Two days after the conversation with the CFO, AEI fired DeCommer because the “relationship [was] not working out,” and DeCommer had said he would not perform certain home sales calls based on the new salary structure. DeCommer filed charges against AEI with the NLRB.

The case centered around two employment documents: (1) an arbitration agreement that stated that “[b]y signing this policy, you and AEI also agree that a claim may not be arbitrated as a class action, also called ‘representative’ or ‘collective’ actions, and that a claim may not otherwise be consolidated or joined with claims of others,” and (2) the employee handbook that prohibited unauthorized disclosure of confidential business information “including any compensation or employee salary information.”

An administrative law judge (ALJ) concluded that AEI’s mandatory arbitration policy (with its class action and collection waivers) prevented employees from taking concerted legal action as protected under the NLRA. The NLRB agreed with the ALJ.

The 6th Circuit’s Decision

The 6th Circuit agreed that the arbitration provision violated the NLRA in preventing concerted action. Two federal statutes came into play to evaluate whether the arbitration provision was enforceable: the Federal Arbitration Action and the NLRA.

The FAA sets forth that arbitration agreements are generally enforceable, and interpretive case law has consistently reflected the “liberal federal policy favoring arbitration agreements.” The FAA provides that arbitration agreements are as enforceable as any other contract, but, notably, the FAA does not make arbitration agreements more enforceable than other contracts which is commonly known as the “savings clause” in the FAA. For its part, the NLRA gives employees the right to engage in “concerted activities for the purpose of collective bargaining or other mutual aid or protection” along with making it an unfair labor practice to “interfere with, restrain, or coerce employees in the exercise” of those rights. The court surmised that the two statutes were compatible because the FAA’s savings clause addressed the scenario presented: The NLRA makes AEI’s mandatory arbitration provision – that interferes with the right to engage in concerted activity – illegal on grounds that would be applicable to any other contract. In other words, “because any contract that attempts to undermine employees’ right to engage in concerted legal activity is unenforceable, an arbitration provision that attempts to eliminate employees’ right to engage in concerted legal activity is unenforceable.” According to the 6th Circuit, the NLRA makes clear that the right to concerted activity is a substantive right that is not subject to waiver.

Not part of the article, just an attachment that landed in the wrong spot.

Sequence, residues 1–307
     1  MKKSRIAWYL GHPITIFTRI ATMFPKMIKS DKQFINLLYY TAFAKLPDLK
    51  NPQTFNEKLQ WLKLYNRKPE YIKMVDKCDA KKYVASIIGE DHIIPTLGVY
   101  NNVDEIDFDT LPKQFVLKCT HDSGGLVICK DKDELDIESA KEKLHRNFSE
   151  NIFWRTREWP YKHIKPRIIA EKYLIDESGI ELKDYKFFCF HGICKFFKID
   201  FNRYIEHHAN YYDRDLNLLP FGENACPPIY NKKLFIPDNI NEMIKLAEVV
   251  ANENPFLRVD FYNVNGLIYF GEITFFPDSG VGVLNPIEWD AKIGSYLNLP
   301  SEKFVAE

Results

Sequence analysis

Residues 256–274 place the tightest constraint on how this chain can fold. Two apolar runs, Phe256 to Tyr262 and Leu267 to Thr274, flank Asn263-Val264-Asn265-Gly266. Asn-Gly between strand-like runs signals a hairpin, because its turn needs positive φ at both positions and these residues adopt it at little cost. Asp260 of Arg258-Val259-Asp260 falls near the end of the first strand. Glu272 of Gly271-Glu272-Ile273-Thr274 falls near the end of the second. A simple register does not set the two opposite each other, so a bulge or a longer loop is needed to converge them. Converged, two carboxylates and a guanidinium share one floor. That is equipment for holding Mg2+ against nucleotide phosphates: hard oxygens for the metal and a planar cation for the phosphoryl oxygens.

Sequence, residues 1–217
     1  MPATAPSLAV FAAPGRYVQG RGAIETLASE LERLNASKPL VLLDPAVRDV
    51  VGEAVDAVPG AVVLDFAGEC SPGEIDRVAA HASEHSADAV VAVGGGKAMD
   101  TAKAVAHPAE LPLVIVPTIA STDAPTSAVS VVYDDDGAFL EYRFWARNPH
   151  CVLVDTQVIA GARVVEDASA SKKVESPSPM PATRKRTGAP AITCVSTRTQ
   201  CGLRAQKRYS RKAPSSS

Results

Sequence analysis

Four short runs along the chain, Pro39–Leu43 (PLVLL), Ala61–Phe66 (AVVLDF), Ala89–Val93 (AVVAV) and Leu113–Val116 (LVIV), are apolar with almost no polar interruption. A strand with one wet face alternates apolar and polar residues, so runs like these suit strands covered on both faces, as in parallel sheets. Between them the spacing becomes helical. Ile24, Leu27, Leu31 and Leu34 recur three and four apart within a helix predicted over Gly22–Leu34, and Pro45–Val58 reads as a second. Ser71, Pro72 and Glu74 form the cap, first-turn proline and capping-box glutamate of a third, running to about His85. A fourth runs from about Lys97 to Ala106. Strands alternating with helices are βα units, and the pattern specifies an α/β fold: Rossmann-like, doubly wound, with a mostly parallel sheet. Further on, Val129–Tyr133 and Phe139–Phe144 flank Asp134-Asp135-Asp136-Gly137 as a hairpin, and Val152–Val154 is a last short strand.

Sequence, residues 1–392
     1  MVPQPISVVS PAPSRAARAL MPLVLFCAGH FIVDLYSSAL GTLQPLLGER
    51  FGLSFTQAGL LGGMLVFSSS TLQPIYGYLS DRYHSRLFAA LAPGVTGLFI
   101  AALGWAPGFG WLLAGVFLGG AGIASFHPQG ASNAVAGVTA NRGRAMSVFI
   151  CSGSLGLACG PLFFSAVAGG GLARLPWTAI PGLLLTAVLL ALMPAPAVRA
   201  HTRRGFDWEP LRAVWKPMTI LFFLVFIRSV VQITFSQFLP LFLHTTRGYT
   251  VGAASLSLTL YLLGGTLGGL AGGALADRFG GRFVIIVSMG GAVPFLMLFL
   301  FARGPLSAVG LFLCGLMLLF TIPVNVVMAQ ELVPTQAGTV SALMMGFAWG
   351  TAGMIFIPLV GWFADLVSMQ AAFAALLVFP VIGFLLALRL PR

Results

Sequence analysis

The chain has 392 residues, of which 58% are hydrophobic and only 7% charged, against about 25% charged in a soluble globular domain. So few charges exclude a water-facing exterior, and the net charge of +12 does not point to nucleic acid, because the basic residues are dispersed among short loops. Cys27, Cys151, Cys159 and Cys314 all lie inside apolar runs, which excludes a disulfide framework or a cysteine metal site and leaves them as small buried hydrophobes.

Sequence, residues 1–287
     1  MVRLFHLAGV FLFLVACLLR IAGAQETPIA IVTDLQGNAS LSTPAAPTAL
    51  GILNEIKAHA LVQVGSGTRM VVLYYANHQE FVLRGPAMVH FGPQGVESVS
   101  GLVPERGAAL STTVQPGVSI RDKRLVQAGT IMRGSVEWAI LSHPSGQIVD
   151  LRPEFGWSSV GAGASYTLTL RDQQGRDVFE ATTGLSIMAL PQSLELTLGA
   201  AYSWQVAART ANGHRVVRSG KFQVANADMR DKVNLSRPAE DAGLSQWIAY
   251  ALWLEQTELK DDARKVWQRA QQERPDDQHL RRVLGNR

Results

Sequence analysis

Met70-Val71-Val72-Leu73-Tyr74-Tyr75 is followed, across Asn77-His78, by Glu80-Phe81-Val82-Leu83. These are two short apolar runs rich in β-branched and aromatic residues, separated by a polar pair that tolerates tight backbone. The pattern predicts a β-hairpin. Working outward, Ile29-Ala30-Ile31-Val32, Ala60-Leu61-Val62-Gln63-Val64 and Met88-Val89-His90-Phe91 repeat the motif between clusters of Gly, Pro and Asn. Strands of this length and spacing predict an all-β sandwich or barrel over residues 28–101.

Where Does It Go From Here?

Several other federal circuit courts have weighed in on this issue. The 9th and 7th Circuits agreed with the 6th Circuit that mandating individual arbitration violated the NLRA based on the savings clause. The 5th and 8th Circuits, on the other hand, have found that class and collective action waivers as part of arbitration agreements were enforceable and did not violate the NLRA. The AEI opinion took particular issue with the 5th Circuit’s view that the policy behind the FAA trumped the policy considerations behind the NLRA.

The AEI opinion included a partial dissent contending that the employer and employee contracted to do just what the FAA allowed in having disputes resolved in the efficient and cost-effective forum of arbitration and that arbitration provisions have been uniformly upheld. The dissent highlighted that neither the majority opinion nor NLRB confronted what would make class or collective litigation “concerted” in such a way that makes it a substantive right that could not be voluntarily waived by the employee.

So there is obvious dissension among the circuits on this question of class action waiver, and the U.S. Supreme Court agreed in January to resolve the circuit split with review of a related NLRB decision. For now, however, employers with these agreements under the 6th Circuit’s jurisdiction (Kentucky, Michigan, Ohio, and Tennessee) should evaluate their arbitration provisions and expect challenges. Employers with these types of agreements in the jurisdiction of the 5th Circuit (Louisiana, Mississippi, and Texas) and 8th Circuit (Arkansas, Iowa, Minnesota, Missouri, Nebraska, North Dakota, and South Dakota) are okay for now. Stay tuned for the Supreme Court’s final decision on the matter.